Fair warning: I started reading Mallory Ortberg’s new book, Texts From Jane Eyre, while waiting for the bus late at night, and I was giggling so relentlessly the last bus of the day passed me by. No worries: I kept laughing every step of the two miles home. Ortberg, who cofounded the massively popular feminist humor website The Toast, is a master of text message-based humor, wielding all lower case missives and well-timed misspellings like a sculptor. Texts From Jane Eyre compiles one of Ortberg’s most-followed series on The Toast, wherein she reimagines classic works of literature as a series of texts between characters.
Ortberg’s particular genius is marrying high and lowbrow humor, often in the same sentence. Texts From Jane Eyre reveals that she has read widely and deeply from exactly the same canonical reading lists any high school or college English student will recognize. Her familiarity with Hamlet, Edgar Allen Poe, Rudyard Kipling, Macbeth, Daisy Miller, Katniss Everdeen, and of course, Jane Eyre, is such that she can satirize them all intelligently, in the cadence of the original, and ruthlessly at the same time. (Watch out, Agatha Christie!) Highlights include Daisy Buchanan pestering Nick Halloway for a ride from the Valley of Ashes, Scarlett O’Hara trying to sext Ashley out of his marriage to Melanie, and The Lorax giving a series of caps-lock pro-Diva Cup directives from the inside of a leather purse.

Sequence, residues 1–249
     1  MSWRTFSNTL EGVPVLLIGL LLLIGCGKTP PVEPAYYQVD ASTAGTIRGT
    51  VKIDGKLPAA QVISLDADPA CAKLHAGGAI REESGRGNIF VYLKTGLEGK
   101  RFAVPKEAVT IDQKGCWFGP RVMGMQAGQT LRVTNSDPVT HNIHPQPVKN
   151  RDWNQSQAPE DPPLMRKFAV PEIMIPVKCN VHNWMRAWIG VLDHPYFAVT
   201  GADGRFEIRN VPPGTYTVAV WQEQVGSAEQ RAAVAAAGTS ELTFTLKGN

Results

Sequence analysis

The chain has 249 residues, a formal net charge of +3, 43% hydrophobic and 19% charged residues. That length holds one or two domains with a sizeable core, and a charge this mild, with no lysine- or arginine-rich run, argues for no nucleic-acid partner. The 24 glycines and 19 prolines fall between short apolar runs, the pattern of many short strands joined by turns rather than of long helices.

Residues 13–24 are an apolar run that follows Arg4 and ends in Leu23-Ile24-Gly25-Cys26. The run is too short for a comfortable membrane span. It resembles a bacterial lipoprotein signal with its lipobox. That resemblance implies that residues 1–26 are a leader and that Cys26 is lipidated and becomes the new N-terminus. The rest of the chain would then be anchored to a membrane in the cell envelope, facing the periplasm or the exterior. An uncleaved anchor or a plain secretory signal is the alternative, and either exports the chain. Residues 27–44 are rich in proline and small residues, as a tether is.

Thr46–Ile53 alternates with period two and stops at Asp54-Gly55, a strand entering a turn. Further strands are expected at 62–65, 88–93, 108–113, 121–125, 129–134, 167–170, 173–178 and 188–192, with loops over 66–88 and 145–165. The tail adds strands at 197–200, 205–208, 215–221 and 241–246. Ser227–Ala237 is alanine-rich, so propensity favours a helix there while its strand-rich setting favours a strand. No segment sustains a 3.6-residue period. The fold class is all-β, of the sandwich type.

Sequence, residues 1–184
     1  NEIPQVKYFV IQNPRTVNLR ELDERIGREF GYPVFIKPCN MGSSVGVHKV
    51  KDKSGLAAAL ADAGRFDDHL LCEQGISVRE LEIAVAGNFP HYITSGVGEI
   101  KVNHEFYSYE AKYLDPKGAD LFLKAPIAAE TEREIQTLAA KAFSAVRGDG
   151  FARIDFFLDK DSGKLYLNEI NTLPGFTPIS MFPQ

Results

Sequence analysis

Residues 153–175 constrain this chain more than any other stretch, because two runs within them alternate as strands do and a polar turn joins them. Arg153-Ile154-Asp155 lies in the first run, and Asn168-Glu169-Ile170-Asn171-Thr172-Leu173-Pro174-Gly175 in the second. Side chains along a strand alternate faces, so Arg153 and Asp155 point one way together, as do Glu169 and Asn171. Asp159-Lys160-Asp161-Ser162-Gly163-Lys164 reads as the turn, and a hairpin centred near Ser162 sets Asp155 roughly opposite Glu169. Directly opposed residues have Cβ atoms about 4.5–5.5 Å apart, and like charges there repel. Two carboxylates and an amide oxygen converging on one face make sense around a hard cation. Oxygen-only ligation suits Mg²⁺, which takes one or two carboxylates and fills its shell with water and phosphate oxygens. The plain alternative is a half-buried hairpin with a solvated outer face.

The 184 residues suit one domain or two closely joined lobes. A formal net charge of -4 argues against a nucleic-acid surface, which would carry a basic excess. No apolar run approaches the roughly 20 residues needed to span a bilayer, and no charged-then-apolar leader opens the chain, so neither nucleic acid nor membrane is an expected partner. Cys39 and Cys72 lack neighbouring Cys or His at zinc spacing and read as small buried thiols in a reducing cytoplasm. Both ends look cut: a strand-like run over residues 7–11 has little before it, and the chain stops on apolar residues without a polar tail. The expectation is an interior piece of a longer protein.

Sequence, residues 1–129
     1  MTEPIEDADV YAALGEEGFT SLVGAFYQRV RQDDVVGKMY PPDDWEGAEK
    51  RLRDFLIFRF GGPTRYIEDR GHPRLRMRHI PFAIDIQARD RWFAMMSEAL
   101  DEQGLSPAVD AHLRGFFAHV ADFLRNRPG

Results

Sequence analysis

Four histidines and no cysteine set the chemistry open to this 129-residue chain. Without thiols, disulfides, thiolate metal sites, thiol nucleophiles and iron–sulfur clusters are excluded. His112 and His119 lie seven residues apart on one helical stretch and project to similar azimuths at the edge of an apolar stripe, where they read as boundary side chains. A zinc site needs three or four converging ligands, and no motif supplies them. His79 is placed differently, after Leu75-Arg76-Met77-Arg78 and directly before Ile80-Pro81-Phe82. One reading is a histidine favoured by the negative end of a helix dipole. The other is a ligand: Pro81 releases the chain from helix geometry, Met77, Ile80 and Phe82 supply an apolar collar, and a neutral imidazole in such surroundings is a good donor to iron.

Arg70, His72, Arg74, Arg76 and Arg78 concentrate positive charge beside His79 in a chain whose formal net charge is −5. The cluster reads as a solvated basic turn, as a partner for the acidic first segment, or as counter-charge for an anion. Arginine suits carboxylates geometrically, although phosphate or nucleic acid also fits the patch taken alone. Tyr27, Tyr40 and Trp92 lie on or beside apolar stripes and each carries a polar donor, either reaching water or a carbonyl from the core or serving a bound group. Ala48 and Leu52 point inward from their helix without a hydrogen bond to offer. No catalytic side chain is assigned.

Texts From Jane Eyre is irreverent in all the best ways. Ortberg is a confident, hilarious writer whose career has been built on saying what we’re all thinking (or saying what never would have occurred to us, and is now stuck in our heads forever). She takes the idea of a “canon” to task; particularly a male-centered canon that privileges some stories over others. Lucky for us, Mallory is up to the task of flipping the script. Reading the classics will never be the same again after reading Texts – which seems to be exactly the point.